10-10:30 am Break
10:30 am-noon

The MMP/LAMP: After 25 Years in the Making
Karina Velasco, Princeton University

This presentation will explore the ethnosurvey that the MMP/LAMP use as the main tool of research, and the datasets these two projects offer in the countries of Mexico, Guatemala, El Salvador, Nicaragua, Costa Rica, Haiti, Dominican Republic, Puerto Rico, Peru and Colombia. We will also explore what tools we offer on our websites and how researchers can gain access to our datasets.

Noon-2 pm Lunch Break
2-3 pm

If You Build It, Will They Log In? Collaboration Tools and User Behavior
Allison Burns, Family Health International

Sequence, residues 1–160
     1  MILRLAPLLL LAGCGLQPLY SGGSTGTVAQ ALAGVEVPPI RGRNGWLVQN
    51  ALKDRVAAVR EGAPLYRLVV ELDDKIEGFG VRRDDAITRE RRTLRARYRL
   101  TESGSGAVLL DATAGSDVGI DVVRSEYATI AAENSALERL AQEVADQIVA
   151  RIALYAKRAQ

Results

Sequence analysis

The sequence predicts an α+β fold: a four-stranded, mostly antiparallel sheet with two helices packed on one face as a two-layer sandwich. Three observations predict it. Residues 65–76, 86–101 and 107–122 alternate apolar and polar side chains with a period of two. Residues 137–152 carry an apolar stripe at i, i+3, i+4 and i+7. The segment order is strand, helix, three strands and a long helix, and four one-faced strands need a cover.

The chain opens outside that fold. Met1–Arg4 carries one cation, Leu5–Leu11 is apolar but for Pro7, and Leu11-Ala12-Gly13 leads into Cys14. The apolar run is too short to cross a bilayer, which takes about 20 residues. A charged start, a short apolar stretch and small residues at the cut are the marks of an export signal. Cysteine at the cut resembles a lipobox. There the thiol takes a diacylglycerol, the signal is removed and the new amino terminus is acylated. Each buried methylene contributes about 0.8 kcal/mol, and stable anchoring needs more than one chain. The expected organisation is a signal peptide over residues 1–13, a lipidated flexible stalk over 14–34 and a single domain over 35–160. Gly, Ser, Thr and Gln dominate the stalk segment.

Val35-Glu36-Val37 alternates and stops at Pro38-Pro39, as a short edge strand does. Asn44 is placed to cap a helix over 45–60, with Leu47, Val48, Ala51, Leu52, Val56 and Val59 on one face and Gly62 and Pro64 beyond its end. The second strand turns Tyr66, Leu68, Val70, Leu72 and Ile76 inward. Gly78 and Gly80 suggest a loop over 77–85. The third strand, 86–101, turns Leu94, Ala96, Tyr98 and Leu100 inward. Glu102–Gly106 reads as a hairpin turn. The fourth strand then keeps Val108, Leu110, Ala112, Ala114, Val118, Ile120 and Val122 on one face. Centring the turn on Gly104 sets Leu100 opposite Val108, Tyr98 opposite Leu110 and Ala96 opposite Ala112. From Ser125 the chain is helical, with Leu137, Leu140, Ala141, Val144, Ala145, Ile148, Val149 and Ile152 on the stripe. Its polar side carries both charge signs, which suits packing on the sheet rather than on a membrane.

Kay Willson, Futures Group
Tara Murray, Penn State

The panelists will discuss their experiences implementing various collaboration tools (wikis, Sharepoint, and Plone) in their organizations and share lessons learned about organizational change and user behavior.

Session summary from the APLIC Blog
3-3:30 pm Coffee Break
3:30-5 pm

APLIC Business Meeting, Election, and 2010 Annual Meeting Planning

All APLIC members are encouraged to attend and participate.

7-9 pm

Banquet at Local

The banquet is included in your conference registration.

Review of the banquet from the APLIC Blog
Wednesday, April 14, 2010
8:30-9 am Continental Breakfast
9-10:45 am

The World of the Demographic and Health Surveys
Trevor Croft, ICF Macro